#117; book review — Ender’s Game, OS Card

Orson Scott Card; Ender’s Game
Tor Books, 1985. 357 pgs. Wikipedia Here.

Note: my review of this book has nothing to do with Card’s personal politics or work in the non-fiction arena, it’s just about the book.

Summary: (From Amazon) Aliens have attacked Earth twice and almost destroyed the human species. To make sure humans win the next encounter, the world government has taken to breeding military geniuses — and then training them in the arts of war… The early training, not surprisingly, takes the form of ‘games’… Ender Wiggin is a genius among geniuses; he wins all the games… He is smart enough to know that time is running out. But is he smart enough to save the planet?

CommentsThis book impacted me in a real way. The questions of morality, talent, duty, and truth make you question your own perspectives on such things. Never knowing what is real, who is to be trusted… It’s no way to live, yet every one of these characters has to struggle through in that world. They do it with intelligence and pure nerve; in the case of Ender, ignorance as bliss isn’t as good as it sounds.

I read the book in about 7 hours. I was stuck on a bus from Columbus to Washington D.C. at the time and I just couldn’t be torn away. Ender is such a complex character, his mind is intense, you feel his physical exhaustion. His fear and emotional self-flagellation are just amazing and the entire book takes place between his being 6 and 12 years old.

Also, seeing these things mirrored in his siblings (middle-child sister Val, who is the symbol of love, and oldest brother Peter, the symbol for mindless/pointless violence) brings his brilliance home even tighter. You see how easily he can slip off into either obliviousness or true evil and so his transformation over the years is that much more astounding. The moment I found out what he was truly capable of (a trick by the author, who saved this crucial information for one of the very last moments in Ender’s journey through schooling), I teared up and exclaimed out loud in shock and sadness.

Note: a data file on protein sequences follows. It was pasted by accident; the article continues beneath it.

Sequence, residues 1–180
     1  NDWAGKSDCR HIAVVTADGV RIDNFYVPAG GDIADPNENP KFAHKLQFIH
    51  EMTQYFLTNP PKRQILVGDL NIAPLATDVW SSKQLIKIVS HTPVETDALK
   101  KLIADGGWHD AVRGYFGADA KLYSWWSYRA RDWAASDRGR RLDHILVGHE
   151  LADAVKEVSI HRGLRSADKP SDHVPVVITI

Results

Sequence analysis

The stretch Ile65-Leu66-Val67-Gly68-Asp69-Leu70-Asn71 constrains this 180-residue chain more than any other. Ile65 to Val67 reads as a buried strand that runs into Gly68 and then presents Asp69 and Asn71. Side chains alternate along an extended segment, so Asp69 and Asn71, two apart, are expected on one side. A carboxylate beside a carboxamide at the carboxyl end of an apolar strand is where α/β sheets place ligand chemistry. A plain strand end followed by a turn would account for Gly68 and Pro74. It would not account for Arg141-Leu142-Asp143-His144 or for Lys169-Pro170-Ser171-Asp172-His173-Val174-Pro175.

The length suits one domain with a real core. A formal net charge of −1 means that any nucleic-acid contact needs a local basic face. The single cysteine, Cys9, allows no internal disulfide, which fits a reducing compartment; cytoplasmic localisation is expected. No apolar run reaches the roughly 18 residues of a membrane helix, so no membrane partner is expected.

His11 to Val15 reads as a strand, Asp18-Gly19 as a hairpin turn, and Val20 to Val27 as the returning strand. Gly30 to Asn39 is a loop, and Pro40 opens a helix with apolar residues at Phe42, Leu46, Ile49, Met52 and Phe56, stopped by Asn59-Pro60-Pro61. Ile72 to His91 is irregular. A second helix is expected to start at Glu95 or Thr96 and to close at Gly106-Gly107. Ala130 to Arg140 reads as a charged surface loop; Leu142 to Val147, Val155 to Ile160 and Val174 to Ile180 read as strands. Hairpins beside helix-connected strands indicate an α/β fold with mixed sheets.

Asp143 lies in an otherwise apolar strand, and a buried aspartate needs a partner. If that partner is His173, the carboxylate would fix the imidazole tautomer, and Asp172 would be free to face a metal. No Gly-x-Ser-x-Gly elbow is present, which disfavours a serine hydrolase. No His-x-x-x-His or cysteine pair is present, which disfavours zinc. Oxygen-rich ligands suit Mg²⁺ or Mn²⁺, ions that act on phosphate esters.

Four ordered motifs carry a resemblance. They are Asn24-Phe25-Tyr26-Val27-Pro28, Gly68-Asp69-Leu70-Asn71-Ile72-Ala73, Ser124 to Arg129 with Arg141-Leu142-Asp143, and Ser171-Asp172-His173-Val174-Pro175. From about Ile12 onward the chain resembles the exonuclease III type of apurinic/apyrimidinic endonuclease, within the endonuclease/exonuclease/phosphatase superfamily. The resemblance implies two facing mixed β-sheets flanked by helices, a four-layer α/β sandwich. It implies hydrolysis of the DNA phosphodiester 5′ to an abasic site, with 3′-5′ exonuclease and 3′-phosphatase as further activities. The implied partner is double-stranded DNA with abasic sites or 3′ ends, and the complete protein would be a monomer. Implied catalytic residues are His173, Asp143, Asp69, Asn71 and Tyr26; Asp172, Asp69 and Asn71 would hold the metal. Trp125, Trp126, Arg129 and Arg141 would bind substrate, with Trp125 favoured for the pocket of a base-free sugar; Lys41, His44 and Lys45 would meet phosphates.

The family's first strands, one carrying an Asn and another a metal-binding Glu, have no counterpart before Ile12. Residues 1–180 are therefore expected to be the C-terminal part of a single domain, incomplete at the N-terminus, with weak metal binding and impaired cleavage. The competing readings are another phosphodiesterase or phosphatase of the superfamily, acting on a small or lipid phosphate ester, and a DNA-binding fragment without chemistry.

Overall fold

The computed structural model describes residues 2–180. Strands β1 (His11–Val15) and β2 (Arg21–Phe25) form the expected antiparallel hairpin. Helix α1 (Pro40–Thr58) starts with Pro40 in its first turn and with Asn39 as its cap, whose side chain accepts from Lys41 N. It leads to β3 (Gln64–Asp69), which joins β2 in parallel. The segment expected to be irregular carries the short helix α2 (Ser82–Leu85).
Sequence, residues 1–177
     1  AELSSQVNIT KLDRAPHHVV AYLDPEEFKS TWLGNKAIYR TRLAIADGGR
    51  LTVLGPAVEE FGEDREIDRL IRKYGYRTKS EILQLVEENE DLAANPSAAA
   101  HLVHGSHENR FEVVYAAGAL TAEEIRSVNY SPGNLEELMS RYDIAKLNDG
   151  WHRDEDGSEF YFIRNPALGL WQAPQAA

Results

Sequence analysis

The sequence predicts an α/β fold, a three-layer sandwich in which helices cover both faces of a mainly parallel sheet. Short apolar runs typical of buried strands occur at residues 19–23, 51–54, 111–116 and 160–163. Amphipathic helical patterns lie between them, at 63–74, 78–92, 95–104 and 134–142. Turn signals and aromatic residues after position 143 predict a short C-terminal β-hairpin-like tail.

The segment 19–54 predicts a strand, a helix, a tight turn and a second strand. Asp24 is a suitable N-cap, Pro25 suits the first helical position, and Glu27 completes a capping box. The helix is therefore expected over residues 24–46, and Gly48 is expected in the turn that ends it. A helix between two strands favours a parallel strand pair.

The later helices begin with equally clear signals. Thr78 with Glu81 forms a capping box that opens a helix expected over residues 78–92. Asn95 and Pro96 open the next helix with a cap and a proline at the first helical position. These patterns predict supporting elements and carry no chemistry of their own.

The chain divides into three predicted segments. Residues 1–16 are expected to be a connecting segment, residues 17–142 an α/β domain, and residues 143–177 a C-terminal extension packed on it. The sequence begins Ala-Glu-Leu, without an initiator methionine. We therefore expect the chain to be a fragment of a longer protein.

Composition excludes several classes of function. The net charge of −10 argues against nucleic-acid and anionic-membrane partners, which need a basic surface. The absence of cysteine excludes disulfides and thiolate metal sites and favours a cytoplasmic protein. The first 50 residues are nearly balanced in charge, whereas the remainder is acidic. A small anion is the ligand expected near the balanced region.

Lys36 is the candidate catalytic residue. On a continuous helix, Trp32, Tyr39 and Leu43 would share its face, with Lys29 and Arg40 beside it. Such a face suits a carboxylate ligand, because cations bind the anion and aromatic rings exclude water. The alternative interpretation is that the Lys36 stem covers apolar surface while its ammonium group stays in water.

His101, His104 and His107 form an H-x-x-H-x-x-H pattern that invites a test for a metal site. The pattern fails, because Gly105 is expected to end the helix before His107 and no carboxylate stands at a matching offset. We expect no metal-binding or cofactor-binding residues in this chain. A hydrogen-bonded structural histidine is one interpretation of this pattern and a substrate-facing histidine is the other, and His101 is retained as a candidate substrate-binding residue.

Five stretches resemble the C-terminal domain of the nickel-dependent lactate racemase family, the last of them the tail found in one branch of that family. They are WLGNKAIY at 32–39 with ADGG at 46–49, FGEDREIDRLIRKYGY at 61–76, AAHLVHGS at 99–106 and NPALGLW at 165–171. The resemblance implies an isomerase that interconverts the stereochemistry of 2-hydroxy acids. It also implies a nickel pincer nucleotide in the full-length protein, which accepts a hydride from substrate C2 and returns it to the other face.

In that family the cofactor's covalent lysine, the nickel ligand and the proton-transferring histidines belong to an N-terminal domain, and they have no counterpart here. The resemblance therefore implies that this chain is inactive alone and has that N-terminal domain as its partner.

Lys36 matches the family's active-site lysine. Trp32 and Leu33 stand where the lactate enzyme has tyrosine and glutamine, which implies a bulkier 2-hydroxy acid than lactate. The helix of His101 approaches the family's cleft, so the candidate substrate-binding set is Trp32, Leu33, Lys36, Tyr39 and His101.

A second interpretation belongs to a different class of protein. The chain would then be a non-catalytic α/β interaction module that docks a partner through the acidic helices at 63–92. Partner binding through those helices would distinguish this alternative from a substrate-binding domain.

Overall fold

Card’s writing is simple from the beginning and even as he weaves an entire political system, an inter-galactic war, child abuse, murder, fascism, psychosis, and lessons about the power of love into one quick-paced story, his writing stays simple. It’s a very subtle hand that can do this and Card is a master. My only reservation about reading the sequel (Speaker for the Dead) has been that Ender took on a philosophic tone at the end that didn’t match the character we had known through the rest of the book (at least that I’d come to know throughout the book). I’d put it on the list with my favorite books alongside Cat’s Cradle and Dune. I’d love to read Card’s parallel series, The Shadow Series, which begins with Ender’s Shadow which is Ender’s Game seen through the eyes of secondary character Bean.

I’d absolutely recommend this to anyone (science fiction fan or not – the character studies alone are worth the read). It’s a quick read but an emotional/philosophical punch in the stomach so be sure to have plenty of time once you’re finished to just process it.

Notes: own it, softcover

Genre: science fiction

Rating: 9.5/10

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